We have a 10 month old male cat (virtually full grown) and we recently adopted a 6 week old male kitten. we did everything the internet recommended regarding this situation (separating them in different rooms, letting them smell each other's scent and then supervised mingling).

At this point we've had the kitten for a week and a half, during which the cats have been mingling quite a lot but only under our supervision. During those mingling sessions sometimes they play nicely but a lot of times the older cat gets anxious and too aggressive - he bites the kitten really hard and twists him like a ragdoll, making him scream, and then we step in and break up the fight usually by removing the kitten from the situation.

We are concerned that if we are not there to supervise, the older cat might seriously harm the kitten and are anxious about the possibility of leaving them alone.

My question is, how long should we continue with this routine of separation when we are not home and at what point would it be safe to leave them alone?

2 Answers 2


First, I'd suggest taking a look at the answers to these questions:

Your new kitten is very young (ideally they shouldn't leave their mother until 8 weeks at the earliest) and your older cat is still in the kitten/teenage phase and probably not too sure about this interloper in his territory.

Some suggestions from my experience:

  • Keep a water spray close by when you let the kitten out of his "safe space" to interact with the other cat. Instead of physically separating them, try spraying.
  • Make sure you give the older cat plenty of attention, particularly when the kitten is out. I don't know if it's comparable to human jealousy, but cats certainly act like they're jealous. If you can arrange to pet both at the same time, do.
  • Have a separate time-out area for either cat and if one misbehaves, put that cat in the time-out zone for a period. The kitty time-out zone shouldn't be the kitten's safe space or you'll confuse him.
  • Take an unwashed T-shirt (so it smells strongly of you) and put it in the kitten's bed for a day or so. Then put it in the older cat's bed for the same time frame. Using two shirts and switching them is even better. I don't have any references for this, but I've found that mingling the scents like this helps the cats see each other as part of the same household.
  • If the kitten isn't being injured when the older cat loses patience with the game, you could consider simply growling at the two to separate them, but leaving them out to interact with each other. Your older cat could simply be trying to tell the kitten "enough" and not realize that he's scaring the little one. In addition, the kitten needs to learn when to stop, and separating them every time will make it harder to learn this. If the kitten's distress call is fear rather than pain, he'll leave the older cat alone for a while but won't change his behavior otherwise.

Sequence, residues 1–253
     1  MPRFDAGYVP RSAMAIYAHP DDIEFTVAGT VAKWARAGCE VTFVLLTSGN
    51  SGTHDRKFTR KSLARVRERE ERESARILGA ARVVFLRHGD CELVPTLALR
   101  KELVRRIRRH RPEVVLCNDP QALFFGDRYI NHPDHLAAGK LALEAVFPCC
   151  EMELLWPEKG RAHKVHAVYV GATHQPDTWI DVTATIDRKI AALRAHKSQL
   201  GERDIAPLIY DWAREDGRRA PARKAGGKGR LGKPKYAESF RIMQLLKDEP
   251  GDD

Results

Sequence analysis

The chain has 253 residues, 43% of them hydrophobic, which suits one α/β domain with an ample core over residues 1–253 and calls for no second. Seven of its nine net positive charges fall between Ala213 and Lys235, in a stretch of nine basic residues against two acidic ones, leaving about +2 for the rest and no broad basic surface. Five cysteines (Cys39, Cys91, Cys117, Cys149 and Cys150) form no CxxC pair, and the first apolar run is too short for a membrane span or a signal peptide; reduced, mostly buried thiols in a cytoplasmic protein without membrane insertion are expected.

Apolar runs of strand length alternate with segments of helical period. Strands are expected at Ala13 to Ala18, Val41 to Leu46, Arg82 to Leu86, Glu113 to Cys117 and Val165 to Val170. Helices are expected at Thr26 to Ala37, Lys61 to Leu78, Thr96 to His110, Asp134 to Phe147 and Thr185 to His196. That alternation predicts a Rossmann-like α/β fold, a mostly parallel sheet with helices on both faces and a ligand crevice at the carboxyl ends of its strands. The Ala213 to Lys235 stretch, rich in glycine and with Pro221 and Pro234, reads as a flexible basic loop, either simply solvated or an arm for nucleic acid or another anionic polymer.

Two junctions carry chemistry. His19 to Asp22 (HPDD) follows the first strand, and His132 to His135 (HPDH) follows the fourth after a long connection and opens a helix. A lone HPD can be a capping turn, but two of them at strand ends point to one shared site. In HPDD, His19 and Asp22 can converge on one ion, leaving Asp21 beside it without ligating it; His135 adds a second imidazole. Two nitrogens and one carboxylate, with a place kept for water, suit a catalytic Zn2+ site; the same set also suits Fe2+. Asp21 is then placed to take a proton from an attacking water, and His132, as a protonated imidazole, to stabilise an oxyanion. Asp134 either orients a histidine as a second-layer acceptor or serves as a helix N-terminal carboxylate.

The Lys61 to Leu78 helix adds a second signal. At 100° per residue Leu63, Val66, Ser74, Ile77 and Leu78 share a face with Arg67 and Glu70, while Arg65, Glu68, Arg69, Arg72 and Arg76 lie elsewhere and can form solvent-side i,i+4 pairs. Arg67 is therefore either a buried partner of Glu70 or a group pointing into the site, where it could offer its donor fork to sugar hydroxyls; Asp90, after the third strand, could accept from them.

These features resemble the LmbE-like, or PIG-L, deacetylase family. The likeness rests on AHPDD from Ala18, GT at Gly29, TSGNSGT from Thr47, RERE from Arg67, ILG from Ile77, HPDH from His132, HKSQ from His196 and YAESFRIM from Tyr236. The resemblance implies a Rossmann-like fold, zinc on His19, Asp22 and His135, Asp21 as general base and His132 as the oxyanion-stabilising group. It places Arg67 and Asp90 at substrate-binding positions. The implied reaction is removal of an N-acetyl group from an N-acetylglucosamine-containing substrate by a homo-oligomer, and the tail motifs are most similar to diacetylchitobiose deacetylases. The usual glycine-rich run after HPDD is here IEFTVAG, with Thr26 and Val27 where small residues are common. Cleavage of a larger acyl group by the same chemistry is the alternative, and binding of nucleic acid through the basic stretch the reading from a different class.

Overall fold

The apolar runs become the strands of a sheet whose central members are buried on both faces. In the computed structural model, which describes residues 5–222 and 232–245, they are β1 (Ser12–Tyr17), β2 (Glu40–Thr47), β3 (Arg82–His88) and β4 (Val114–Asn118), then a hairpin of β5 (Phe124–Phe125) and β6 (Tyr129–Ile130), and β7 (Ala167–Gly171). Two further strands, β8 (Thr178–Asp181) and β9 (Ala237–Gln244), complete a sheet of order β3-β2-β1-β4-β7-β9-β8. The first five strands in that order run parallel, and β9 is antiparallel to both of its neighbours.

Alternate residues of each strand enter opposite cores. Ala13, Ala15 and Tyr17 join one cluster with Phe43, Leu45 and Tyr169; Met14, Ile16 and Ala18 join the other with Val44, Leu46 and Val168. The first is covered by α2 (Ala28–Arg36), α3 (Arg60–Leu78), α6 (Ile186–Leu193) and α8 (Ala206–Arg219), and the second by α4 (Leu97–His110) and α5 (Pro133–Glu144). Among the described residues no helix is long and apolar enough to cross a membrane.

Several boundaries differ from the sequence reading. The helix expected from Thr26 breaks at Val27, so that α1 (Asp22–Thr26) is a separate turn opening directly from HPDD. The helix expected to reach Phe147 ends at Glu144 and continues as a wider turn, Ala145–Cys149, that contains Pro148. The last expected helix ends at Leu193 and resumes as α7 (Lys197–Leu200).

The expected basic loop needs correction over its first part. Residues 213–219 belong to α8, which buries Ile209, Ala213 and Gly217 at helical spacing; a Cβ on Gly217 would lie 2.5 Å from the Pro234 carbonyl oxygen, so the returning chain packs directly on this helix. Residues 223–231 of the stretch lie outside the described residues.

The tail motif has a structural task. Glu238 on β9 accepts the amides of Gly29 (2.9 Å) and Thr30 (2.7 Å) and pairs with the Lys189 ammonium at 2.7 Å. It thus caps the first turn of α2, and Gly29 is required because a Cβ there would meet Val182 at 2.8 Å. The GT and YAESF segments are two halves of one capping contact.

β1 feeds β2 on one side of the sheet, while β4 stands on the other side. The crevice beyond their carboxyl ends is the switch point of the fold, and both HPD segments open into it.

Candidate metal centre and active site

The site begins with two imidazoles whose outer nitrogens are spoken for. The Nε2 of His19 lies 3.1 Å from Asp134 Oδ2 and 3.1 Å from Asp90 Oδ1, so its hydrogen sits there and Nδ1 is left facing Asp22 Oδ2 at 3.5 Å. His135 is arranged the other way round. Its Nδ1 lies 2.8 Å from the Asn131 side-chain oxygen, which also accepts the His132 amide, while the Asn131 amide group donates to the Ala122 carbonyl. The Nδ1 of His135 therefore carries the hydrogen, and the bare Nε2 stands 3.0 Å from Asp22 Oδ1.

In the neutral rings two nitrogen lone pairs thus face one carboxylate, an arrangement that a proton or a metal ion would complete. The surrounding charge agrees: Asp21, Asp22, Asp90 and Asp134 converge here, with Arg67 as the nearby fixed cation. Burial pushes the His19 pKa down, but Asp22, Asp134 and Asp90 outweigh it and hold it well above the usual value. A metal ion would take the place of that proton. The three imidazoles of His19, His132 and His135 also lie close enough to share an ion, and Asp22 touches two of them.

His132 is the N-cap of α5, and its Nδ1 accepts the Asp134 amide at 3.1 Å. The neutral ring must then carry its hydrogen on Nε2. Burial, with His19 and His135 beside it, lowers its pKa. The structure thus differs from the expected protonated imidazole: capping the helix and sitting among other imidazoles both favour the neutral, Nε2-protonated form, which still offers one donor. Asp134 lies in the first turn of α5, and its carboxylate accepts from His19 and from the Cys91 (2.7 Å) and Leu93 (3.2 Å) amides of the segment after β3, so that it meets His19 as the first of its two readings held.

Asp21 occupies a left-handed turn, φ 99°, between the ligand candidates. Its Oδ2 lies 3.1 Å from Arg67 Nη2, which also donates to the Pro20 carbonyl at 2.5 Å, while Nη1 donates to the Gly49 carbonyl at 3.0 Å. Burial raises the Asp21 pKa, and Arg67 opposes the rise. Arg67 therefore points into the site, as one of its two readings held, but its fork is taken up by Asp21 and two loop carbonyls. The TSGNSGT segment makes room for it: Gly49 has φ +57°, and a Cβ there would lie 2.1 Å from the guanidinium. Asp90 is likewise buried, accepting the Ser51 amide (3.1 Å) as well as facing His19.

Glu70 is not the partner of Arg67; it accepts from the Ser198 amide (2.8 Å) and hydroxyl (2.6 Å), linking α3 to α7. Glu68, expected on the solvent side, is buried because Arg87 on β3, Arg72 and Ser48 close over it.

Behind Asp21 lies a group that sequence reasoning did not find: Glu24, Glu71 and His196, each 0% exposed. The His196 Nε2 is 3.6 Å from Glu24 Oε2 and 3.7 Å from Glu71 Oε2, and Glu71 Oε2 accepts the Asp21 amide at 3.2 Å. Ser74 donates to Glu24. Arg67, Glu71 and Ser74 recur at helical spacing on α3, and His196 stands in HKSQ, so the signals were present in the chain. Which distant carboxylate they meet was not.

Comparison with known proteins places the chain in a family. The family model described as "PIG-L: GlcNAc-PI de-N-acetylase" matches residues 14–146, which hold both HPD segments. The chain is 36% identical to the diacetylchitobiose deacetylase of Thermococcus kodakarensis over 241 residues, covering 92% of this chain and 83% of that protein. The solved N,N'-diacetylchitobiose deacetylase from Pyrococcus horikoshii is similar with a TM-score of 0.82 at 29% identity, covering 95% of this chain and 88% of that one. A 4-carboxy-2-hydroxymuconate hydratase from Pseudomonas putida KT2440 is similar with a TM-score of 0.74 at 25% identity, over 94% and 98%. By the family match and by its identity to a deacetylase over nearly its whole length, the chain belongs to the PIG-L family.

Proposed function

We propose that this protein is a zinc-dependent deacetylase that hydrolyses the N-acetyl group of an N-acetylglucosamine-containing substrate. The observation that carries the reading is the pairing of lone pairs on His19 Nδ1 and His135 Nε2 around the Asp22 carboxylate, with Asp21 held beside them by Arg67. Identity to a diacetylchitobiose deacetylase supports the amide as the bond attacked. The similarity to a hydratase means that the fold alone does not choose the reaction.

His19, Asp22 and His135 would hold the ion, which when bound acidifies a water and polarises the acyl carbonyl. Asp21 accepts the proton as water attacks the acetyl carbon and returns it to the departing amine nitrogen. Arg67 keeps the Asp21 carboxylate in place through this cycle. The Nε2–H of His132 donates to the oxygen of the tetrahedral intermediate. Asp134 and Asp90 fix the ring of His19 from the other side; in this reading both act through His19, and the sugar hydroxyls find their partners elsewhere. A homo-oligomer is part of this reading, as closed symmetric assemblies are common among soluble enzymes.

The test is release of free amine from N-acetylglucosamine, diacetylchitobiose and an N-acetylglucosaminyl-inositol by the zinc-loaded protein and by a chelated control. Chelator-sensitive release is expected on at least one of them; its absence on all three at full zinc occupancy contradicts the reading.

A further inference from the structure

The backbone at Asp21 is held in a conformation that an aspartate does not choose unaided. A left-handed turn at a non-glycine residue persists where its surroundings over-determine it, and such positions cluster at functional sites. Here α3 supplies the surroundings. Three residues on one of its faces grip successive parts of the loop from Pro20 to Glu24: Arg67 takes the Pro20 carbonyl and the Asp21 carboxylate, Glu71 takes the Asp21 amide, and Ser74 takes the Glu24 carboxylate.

• You shouldn't pet either cat in this situation: you don't want the kitten associating irritating the older cat with your attention. You also don't want the older cat associating hurting/scaring the kitten with your attention.
  • Hi, Thanks for your response! Some of these tips we have implemented already, and they have helped, but in our case the instigator is the older teenage cat rather then the kitten - the kitten is very calm and usually stirs clear of the big cat but the big cat jumps on him every time he tries to go somewhere around the apartment... My question was more regarding the time frame in which the two could be left alone together safely.. at what point do you think that would be possible?
    – DZIPP
    Dec 1, 2015 at 13:10
  • 2
    When the older cat is showing signs of wanting to interact with the kitten is usually the ideal - it will also help if you can make sure there are plenty of places where the kitten can go that the older cat can't reach.
    – Kate Paulk
    Dec 1, 2015 at 13:53
  • You could try scolding the older cat some, but in the worst case the younger cat will grow to a more comparable size to the teenage cat in a few months and be able to fight back more evenly.
    – Oldcat
    Dec 3, 2015 at 0:58

From my experience, you should seperate them if they are harming each other, then try to start joining them together with your supervision. I recommend placing them toghether in a small and empty room so you could help as fast as possible.

At first they will start harming each other and that is OK if you are ready to help, keep them fighting until you hear screaming or if the little cat stopped fighting and thus was just getting harmed.

Keep doing this daily and then they will start to ignore each other, but that doesn't mean not supervising them.

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